But Pleasure Factory is also a window into our own world. So in a way, we are perpetrators too – us and our voyeuristic gaze in the cinema. After all, what is constantly uttered in the film is “Take a look at our girls” before the camera directs our gaze to exposed bodies. Consumption of images becomes the mantra of the contemporary world we find ourselves living in. (a nod of approval from Baudrillard)

Pleasure Factory‘s social commentaries on the sex industry goes further.

One of the best edits in the film, the two shots above introduce a graphic match between them: three ‘bodies’ lined up alongside one another. In this sequence, the parallels are drawn up between the three bodies and that of the three deities. A literal reading would probably suggests that the prostitutes are ‘worshipped’ in the flesh.

While pleasure-seekers aren’t exactly singing hymns in the bedroom, religion and sex do share some point(s) of convergence. There is almost an existential element shared between the two. But while some people may be calling hits on my head now or calling me a blasphemer, but consider the role both play in the complex world we live in. They both offer some point of entry (ok, bad pun) and some form of respite.

You have sacred rituals and we have had mating rituals. You’ve got your sacred text and some of us have bought our copy of the kama-sutra. I think some of us might even defend that sex has an element of ‘transcendance’ about it too – think Da Vinci Code and its take on paganism. This isn’t a call to go “oh god” when one is banging the night way. Far from it. But as early as we’ve discovered gods, we’ve also discovered most of our bodily functions. And I’m not saying that sex is the new religion either. I’m no hippie. But I do think that Uekrongtham is pushing audiences to deconstruct for themselves the line between the sacred and the profane, between religion and sex.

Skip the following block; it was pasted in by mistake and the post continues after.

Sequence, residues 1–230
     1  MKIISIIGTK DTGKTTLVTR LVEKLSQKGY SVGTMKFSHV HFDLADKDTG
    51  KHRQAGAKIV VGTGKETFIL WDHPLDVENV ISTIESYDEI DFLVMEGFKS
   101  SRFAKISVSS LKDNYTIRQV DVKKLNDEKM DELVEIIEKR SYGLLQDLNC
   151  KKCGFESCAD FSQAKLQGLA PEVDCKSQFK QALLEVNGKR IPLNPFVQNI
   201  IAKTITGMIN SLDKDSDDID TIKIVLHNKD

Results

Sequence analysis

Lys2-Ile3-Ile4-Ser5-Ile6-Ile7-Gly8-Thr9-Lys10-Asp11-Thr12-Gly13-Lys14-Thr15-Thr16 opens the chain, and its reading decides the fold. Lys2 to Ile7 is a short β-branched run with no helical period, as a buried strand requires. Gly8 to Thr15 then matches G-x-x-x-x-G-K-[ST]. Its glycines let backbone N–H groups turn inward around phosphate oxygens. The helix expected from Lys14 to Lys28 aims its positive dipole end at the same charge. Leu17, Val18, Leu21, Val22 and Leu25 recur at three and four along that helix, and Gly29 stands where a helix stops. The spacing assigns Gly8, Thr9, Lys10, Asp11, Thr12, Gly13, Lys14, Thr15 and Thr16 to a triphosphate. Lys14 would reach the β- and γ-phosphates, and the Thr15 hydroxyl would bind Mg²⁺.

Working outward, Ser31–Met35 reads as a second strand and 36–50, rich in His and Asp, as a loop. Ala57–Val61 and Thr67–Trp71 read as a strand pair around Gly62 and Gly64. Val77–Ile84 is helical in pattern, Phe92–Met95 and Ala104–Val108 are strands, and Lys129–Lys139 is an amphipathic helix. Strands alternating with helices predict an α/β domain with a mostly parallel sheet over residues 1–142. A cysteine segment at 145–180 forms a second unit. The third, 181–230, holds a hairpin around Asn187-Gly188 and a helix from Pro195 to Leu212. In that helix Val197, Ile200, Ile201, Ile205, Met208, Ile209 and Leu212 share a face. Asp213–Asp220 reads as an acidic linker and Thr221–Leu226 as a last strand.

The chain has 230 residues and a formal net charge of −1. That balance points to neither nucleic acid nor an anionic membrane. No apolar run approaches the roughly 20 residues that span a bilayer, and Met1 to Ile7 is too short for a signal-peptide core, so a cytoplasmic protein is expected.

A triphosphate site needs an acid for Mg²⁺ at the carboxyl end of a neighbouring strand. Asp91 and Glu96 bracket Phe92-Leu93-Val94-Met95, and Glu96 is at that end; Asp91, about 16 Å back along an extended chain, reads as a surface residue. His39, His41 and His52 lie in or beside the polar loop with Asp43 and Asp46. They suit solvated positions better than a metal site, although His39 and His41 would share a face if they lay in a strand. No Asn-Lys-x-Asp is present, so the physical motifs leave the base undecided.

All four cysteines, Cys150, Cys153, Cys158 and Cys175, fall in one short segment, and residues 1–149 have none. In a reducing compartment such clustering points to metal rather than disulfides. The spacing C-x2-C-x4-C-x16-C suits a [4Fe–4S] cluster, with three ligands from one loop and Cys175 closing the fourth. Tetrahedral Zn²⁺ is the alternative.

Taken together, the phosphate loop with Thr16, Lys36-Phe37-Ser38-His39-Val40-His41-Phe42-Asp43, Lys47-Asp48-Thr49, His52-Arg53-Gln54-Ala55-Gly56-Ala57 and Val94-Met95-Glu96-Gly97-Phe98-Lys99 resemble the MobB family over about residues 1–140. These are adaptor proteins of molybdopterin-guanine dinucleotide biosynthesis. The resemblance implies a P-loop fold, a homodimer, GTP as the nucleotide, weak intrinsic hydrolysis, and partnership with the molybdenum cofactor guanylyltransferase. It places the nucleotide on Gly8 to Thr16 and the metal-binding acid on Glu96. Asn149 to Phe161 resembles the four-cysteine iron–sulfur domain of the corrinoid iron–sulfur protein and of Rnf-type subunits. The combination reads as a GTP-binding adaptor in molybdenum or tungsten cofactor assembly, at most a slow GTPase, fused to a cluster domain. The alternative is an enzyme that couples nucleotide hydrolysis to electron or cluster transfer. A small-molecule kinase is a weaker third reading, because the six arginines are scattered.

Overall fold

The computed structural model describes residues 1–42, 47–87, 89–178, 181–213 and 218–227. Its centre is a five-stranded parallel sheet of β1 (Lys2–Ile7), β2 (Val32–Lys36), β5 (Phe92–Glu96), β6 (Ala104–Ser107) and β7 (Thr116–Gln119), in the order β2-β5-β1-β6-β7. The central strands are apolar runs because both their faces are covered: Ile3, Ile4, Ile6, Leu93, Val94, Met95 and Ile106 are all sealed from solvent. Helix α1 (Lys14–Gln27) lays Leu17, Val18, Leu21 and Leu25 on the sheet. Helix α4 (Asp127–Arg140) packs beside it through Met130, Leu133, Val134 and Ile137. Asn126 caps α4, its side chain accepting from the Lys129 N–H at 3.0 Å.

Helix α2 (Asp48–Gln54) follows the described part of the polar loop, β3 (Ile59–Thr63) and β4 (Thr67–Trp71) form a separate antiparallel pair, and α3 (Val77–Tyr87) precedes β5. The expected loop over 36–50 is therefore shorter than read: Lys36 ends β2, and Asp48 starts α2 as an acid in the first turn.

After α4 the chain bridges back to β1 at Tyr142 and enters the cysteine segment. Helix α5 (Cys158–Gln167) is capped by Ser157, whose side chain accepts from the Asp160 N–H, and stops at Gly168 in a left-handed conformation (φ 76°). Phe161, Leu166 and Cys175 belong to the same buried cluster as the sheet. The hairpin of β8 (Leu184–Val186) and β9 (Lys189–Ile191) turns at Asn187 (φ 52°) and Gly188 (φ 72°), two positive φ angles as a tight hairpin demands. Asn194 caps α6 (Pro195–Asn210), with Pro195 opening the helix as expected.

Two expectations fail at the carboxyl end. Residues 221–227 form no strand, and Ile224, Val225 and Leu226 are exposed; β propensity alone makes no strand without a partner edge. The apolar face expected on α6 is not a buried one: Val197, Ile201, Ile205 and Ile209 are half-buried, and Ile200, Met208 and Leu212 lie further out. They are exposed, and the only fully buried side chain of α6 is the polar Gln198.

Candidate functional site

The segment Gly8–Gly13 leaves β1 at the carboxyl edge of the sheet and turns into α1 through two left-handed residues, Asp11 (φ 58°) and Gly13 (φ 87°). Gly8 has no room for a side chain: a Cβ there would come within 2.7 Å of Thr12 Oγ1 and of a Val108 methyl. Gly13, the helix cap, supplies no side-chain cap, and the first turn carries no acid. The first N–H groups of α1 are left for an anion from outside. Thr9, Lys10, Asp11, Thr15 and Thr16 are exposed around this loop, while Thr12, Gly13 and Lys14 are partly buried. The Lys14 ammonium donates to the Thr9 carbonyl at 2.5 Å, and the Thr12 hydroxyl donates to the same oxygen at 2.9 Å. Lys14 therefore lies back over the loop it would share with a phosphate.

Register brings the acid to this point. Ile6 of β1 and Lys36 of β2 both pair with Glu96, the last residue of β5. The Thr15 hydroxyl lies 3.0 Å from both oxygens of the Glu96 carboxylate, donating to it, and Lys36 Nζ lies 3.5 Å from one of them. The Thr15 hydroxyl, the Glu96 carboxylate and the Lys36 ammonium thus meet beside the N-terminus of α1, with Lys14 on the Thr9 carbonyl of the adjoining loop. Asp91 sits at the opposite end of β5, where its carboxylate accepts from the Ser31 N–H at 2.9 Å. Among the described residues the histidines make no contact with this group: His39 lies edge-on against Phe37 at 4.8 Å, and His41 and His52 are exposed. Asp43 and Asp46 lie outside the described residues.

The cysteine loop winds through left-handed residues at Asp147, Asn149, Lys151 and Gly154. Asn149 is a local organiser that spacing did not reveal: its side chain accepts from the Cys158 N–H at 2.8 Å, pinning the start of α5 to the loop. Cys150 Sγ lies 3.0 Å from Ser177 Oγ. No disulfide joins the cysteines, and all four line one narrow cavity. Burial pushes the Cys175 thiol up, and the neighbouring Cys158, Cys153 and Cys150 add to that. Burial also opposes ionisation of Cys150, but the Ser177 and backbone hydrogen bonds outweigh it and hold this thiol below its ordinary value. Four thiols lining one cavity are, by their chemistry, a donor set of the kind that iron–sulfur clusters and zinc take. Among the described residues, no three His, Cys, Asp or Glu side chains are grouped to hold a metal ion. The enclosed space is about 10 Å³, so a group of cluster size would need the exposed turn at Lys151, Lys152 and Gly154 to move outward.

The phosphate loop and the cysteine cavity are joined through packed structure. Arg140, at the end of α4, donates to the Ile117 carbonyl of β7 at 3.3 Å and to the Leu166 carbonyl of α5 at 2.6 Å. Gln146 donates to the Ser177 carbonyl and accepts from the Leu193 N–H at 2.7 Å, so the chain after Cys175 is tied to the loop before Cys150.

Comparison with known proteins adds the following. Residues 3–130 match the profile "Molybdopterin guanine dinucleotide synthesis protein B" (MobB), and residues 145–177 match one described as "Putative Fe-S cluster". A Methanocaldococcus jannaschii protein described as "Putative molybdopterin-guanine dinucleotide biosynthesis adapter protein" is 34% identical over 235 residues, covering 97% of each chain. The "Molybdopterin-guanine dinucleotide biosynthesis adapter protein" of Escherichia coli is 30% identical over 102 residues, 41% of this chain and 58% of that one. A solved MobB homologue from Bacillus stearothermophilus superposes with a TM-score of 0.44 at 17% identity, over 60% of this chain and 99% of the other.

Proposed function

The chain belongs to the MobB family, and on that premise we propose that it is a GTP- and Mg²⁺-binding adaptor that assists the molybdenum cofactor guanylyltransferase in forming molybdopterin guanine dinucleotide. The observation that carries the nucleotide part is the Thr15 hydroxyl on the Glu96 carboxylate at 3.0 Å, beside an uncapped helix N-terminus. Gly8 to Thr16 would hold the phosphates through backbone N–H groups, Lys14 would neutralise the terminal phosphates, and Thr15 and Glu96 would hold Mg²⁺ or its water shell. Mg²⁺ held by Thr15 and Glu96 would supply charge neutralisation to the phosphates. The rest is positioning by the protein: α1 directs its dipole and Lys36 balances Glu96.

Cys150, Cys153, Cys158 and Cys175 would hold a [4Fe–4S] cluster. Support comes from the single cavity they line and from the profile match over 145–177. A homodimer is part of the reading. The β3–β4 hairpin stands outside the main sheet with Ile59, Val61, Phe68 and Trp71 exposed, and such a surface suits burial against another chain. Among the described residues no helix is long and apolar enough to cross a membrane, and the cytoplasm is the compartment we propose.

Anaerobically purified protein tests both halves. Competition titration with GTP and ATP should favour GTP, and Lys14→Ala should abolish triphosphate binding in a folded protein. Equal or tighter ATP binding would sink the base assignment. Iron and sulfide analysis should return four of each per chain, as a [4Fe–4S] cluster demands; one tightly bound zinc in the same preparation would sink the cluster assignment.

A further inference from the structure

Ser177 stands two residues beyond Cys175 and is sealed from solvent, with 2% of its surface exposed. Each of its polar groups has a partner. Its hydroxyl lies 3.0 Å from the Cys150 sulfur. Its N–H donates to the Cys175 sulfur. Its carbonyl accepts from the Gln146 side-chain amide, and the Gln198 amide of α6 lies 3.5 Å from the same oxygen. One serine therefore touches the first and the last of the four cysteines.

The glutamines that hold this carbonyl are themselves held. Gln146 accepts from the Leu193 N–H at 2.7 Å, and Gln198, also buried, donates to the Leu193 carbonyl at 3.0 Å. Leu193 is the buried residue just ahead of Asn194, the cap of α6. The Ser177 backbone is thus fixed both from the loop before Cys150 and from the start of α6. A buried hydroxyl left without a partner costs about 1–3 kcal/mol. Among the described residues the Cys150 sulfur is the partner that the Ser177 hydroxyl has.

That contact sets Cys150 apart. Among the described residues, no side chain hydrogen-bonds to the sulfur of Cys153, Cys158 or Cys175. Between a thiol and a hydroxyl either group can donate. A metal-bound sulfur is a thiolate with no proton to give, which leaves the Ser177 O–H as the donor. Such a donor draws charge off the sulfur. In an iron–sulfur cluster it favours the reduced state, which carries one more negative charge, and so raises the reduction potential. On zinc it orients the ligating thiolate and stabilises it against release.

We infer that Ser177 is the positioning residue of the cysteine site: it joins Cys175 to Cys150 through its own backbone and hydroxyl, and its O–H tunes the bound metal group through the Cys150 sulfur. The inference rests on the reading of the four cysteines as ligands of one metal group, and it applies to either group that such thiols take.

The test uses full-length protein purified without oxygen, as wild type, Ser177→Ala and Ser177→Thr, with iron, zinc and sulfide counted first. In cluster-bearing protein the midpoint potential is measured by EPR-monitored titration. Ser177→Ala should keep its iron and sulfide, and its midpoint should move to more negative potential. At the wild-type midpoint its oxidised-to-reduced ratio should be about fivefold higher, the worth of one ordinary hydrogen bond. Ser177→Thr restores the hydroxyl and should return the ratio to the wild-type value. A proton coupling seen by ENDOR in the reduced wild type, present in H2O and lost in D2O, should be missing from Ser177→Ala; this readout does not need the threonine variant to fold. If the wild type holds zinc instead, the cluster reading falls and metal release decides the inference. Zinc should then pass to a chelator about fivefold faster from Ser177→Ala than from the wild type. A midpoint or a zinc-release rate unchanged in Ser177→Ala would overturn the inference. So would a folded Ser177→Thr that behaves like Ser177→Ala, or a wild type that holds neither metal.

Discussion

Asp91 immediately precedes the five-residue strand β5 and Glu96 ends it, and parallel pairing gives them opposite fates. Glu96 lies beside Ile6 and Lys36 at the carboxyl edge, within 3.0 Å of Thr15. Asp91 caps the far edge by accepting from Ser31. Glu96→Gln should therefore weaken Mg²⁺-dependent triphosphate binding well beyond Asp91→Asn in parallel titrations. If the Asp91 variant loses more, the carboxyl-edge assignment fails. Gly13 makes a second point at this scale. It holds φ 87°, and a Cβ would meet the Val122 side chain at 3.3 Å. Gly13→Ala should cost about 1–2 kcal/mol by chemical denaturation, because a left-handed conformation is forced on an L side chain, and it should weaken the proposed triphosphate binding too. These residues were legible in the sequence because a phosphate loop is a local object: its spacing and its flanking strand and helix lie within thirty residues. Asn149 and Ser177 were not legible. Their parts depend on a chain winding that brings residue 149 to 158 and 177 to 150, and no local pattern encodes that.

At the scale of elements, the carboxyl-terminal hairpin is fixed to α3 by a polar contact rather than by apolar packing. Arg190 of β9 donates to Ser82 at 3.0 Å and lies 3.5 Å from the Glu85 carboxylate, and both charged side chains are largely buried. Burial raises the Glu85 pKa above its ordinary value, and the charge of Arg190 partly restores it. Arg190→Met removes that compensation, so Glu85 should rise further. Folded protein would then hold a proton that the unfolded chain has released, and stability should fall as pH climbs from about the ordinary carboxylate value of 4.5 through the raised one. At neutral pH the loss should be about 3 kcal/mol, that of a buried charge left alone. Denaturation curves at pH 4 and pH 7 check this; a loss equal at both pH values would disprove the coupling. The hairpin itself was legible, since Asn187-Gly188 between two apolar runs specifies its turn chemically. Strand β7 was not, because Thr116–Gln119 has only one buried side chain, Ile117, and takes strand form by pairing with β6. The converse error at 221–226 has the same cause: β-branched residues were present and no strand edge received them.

Returning to our fish-tank, there’s even a sequence in the film when the young cadet (Loo Zihan) speaks nervously to the sex worker about the fishes painted on the walls of their motel room. There the sex worker (Xu Er) explains that her favourite fish is the clownfish: They have “short lives” but are “beautiful.” A wonderful reflection of the lives of these workers who have a short window of opportunity to make the most out of everything.

Aquariums and fish-tanks continue to feature prominently in Pleasure Factory.

In fact, one of the most poignant editing in the film (a dissolve and a graphic match) involves a fish-tank/aquarium.

In this shot [above] the rectangular aquarium is matched graphically with the high-rise apartment buildings that are almost synonymous with life in the city. The graphic continuity here is, for me, the most powerful point in the entire film.

Quite simply, life in a fish-tank is equated to a city-life. It is an environment where pleasure is in the objectifying gaze, an environment where the sense of surveillance is perennial and where one is always unable to break the glass that separates the gazer/gazed dichotomy and to truly connect with one another. In short, reality in the city has become a spectator sport (think: reality television).

Necessarily, the cinema becomes a sanctioned asylum for our voyeuristic tendencies – a different sort of ‘pleasure factory’. Yet, one is deemed illegal and the other isn’t. Both are talked about passionately if people would listen – they both continue to fascinate and find their way into after-dinner conversations.

Next time you’re in the cinema, remind your neighbours and friend(s) that we are all perverts – one way or another.

Oh next time you watch your porno flick, you’re twice the pervert! hah.

Works Cited

Uhde, Jan and Yvonne Ng Uhde. Latent Images: Film in Singapore. Singapore: NUS Press, 2010.